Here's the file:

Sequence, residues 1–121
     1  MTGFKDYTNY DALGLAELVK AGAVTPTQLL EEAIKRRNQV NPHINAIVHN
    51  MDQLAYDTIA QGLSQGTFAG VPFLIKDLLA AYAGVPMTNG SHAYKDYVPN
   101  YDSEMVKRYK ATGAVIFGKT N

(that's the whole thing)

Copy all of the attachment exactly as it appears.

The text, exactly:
Sequence, residues 1–121
     1  MTGFKDYTNY DALGLAELVK AGAVTPTQLL EEAIKRRNQV NPHINAIVHN
    51  MDQLAYDTIA QGLSQGTFAG VPFLIKDLLA AYAGVPMTNG SHAYKDYVPN
   101  YDSEMVKRYK ATGAVIFGKT N